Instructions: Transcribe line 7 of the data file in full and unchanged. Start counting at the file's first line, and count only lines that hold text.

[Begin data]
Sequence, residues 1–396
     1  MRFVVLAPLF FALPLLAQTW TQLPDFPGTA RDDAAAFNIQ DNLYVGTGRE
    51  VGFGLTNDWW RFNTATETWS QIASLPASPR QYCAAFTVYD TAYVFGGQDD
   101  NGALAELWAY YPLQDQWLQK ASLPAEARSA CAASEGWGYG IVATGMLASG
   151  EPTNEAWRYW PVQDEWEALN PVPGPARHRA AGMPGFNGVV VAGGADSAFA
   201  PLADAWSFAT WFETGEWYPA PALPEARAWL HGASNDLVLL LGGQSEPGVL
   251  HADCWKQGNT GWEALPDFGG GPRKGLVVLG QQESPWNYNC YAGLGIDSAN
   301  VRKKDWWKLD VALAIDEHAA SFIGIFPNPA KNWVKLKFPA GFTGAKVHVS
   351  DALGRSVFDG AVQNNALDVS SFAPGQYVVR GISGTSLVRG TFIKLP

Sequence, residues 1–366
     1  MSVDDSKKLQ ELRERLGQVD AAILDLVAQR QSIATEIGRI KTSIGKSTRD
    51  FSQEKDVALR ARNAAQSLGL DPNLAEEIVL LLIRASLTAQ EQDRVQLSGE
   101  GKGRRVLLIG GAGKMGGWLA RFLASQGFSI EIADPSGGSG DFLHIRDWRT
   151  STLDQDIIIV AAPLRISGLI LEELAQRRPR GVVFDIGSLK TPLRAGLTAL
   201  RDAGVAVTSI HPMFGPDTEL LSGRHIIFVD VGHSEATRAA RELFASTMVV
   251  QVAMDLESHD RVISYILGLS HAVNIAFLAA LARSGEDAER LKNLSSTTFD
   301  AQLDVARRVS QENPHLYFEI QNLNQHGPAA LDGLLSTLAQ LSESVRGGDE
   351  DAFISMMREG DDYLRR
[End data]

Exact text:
   251  HADCWKQGNT GWEALPDFGG GPRKGLVVLG QQESPWNYNC YAGLGIDSAN